Why have you limited your palette so much recently?

I don’t know if there is a single answer to that. The simplest answer would be that I became interested in a certain kind of drawing, and that by my limiting my color interest I was able to concentrate on form. Some of the paintings for me became like the extension of drawing. I saw no great difference between drawing on a piece of paper and drawing on a canvas. If the esthetic experience was valid in one, then it was in the other. And yet, that’s not quite the answer. I developed a kind of distaste for color, precisely because color had become so much of an emphasis in painting – for the idea that color had to always be primary colors, clear, singing primary colors. It became very distasteful to me. Essentially, I see anything as color. Anything that you can see is color. I also reject certain psychological connotations in connection with color. Someone asked me today if in painting I get suggestions from nature, from the thing I look at, especially where color is involved. The question struck me as being rather queer because it suddenly occurred to me – and it had never occurred to me before – that my own inspiration for colors are the colors on the painting table. It’s the way they affect me rather than anything exterior. My attitude towards color is the same as my attitude towards charcoal. Its simply something I can make a mark with. To some degree, my gray paintings are the result of my charcoal drawings. My charcoal drawings preceded my paintings. For a long time I was making dark, gray charcoal drawings (since 1956 or earlier). For a long time I didn’t paint these drawings although I wanted to, because I always thought that I had to translate those drawings in terms of color, until it occurred to me, why do I have to interpret them in color? My whole fascination was with the charcoal drawings as they were. Then it became a problem to come as close to the charcoal drawings in color as I possibly could.

On this level, I could say this is my conscious thinking about it. Unconsciously, perhaps, there are other reasons. I have sometimes wondered if the emptying out of the painting  -- whether it is of drawing or imagery or, as in my case, of color – is not a historical thing, has nothing to do with personal psychology. I’m really not sure what the answer is, but I have sometimes thought that abstract painting generally in the 20th century is, perhaps, on the social level (rather than on the individual level) an expression of despair. It’s very difficult for me to crow about modern art. I feel that whatever gains have been made (I couldn’t name them, though I know what the losses have been), the losses have been tremendous.

Jack Tworkov, Tworkov, Duo I, Whitney Museum of Art

Well, for instance, I have occasionally set problems for myself deliberately. Like, for instance, a green painting. I painted a number of green paintings because I was really curious why green was such a difficult color to use in painting. To use almost unmodulated reds and greens in painting was difficult and so I tried to use them. I think it’s natural for a painter to sometimes search out problems that pose difficulties for painting or for himself personally and try to find out why they are difficulties. So I, for a long time, worked with a few but primary colors. I made a number of monochromatic yellow paintings. I think just simply because some aspect of my paintings present some kind of challenge that I would like to find out something about. I have a kind of aversion for what I call decorators colors. But I always thought of color as a kind of structural element (I don’t know how else to describe it). Simply, a means with which to structure. I think that color, the texture of the pigment, it’s flow, the canvas itself, the shape of the rectangle, are all structural elements – all equally structural elements in the making of an essentially abstract painting. So that for me, the idea of making a painting in which color is the sole effect is not an appealing idea.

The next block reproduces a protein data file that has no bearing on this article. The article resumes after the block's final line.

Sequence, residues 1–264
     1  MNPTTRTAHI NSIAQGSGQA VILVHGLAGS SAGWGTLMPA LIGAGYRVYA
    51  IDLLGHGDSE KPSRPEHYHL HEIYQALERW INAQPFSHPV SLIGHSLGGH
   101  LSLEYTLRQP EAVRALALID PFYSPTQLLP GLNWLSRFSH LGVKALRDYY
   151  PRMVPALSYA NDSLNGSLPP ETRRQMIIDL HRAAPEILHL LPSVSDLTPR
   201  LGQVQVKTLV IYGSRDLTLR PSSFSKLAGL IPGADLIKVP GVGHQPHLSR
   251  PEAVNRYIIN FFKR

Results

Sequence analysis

How have you dealt with scale through the years?

There are some phrases, some words used in connection with painting, that are always ambiguous to me. for instance, the word scale, space,  movement, sometimes people use the word “time” in referring to painting: they all are ambiguous words. I take scale always to mean the relationship between things. In the case of painting, I find it very hard to apply the word scale to it because its come to mean large, it’s come to mean size, rather that a relationship to something within the canvas or exterior to it. The only time that you can really speak of scale is if you paint for a specific site, if you have a specific site in mind. If you were a mural painter, than the question of scale would enter in. but I don’t see where the problem of scale enters into most studio painting. So the result is people now speak simply of scale when they mean large. They mean size. Now how large to make a painting today, I don’t know. It largely depends on the condition of your studio. Some studios permit you to make very large paintings; some studios limit the size of the paintings. The only other sense in which the word scale can be used, as far as I can see, is that there does seem to be a relationship between how full the surface is in relationship to size. It seems to me that as the painting empties out, it does seem to call for larger and larger size (as we’ve seen throughout the recent history of painting). The more you take out of the surface, evidently, the larger the painting becomes merely to achieve some sort of presence. You could make a landscape on a very small scale, in a very small size, and still achieve the illusion of a very large space. Whereas with modern painting, so often the kind of space implied is exactly equal to the dimensions of the canvas. In other words, the illusion of space, in that sense, disappears, does not exist.